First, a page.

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not eliminate the request for a scope of rights declaration. Dkt. No. 5-1 at 12-14. She moved again for entry of Rule 54(b) judgment, and on May 17, 2011, the court entered partial final judgment on Larson’s First Claim and DC’s First through Fourth Counterclaims. ER-235-41. Larson appealed and DC cross-appealed. ER-228, 230.4 DC moved to dismiss Larson’s appeal, and the Appellate Commissioner denied the motion without prejudice to its reargument in merits briefing. Dkt. Nos. 5-1, 9. STANDARD OF REVIEW This Court “review[s] de novo a district court’s grant of summary judgment.” Cuellar de Osorio v. Mayorkas, 656 F.3d 954, 959 (9th Cir. 2011). Summary judgment is appropriate if “there is no genuine dispute as to any material fact and the movant is entitled to judgment as a matter of law.” FED. R. CIV. P. 56(a). “In considering a motion for summary judgment, [the court] must draw all reasonable inferences in favor of the nonmoving party.” Samuels v. Holland Am. Line-USA Inc., 656 F.3d 948, 952 (9th Cir. 2011). The “non-moving party’s evidence is to be believed, and all justifiable inferences are to be drawn in [its]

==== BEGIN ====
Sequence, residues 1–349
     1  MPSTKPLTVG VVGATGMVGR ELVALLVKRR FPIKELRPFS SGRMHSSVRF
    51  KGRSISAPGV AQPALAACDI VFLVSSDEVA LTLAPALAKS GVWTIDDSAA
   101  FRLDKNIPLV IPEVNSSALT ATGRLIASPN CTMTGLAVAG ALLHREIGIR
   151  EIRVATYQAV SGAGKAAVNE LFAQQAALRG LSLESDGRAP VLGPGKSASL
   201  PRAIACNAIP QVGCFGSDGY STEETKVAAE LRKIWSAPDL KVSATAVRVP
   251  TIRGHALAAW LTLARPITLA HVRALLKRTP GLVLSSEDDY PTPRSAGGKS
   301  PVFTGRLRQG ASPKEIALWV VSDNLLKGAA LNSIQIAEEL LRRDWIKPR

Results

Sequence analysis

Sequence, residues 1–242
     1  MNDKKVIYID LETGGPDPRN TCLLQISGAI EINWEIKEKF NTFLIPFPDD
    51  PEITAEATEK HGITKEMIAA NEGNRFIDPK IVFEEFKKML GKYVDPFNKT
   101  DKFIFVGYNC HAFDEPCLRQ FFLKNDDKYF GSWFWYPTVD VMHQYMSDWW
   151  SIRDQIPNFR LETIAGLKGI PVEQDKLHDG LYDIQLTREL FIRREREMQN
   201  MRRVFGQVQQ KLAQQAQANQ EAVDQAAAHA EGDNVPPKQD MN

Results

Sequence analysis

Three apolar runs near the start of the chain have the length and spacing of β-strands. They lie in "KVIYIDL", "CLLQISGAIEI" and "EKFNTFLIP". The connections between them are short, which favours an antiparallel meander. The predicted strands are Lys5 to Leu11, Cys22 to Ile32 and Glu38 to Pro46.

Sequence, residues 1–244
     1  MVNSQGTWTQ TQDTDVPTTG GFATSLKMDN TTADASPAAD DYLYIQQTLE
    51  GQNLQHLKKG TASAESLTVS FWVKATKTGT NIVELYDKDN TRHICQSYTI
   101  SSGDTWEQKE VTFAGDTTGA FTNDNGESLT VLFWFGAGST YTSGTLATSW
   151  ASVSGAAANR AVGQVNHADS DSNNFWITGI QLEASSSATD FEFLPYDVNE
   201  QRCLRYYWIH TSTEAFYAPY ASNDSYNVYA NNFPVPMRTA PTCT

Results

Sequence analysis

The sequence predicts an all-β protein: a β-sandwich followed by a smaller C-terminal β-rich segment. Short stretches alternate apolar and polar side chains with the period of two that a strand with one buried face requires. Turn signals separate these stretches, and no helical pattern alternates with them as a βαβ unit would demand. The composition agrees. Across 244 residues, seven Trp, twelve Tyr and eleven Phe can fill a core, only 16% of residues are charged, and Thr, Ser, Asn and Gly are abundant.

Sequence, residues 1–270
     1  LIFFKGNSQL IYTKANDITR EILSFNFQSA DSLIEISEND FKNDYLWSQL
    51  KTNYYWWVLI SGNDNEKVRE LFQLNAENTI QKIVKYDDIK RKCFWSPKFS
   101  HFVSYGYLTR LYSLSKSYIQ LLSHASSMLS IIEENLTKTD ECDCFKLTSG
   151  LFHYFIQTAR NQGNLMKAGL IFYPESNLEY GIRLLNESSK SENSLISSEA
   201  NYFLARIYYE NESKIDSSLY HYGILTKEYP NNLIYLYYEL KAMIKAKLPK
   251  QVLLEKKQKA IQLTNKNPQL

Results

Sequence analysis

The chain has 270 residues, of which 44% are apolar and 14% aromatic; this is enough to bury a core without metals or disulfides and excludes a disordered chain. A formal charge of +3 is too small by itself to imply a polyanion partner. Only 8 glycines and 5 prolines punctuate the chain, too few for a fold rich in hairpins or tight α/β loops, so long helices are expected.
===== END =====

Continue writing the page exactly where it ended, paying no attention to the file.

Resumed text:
Larson’s brief does not challenge (and thus waives the right to challenge, Gausvik v. Perez, 392 F.3d 1006, 1008 n.1 (9th Cir. 2004)), several adverse rulings on her First Claim, including that she did not recapture the Promotional Announcements, that certain pre-1938 material created by Siegel was not copyrightable, and that she was not entitled to profits from foreign exploitation of Superman. ER-76-77, 180-81, 207. 22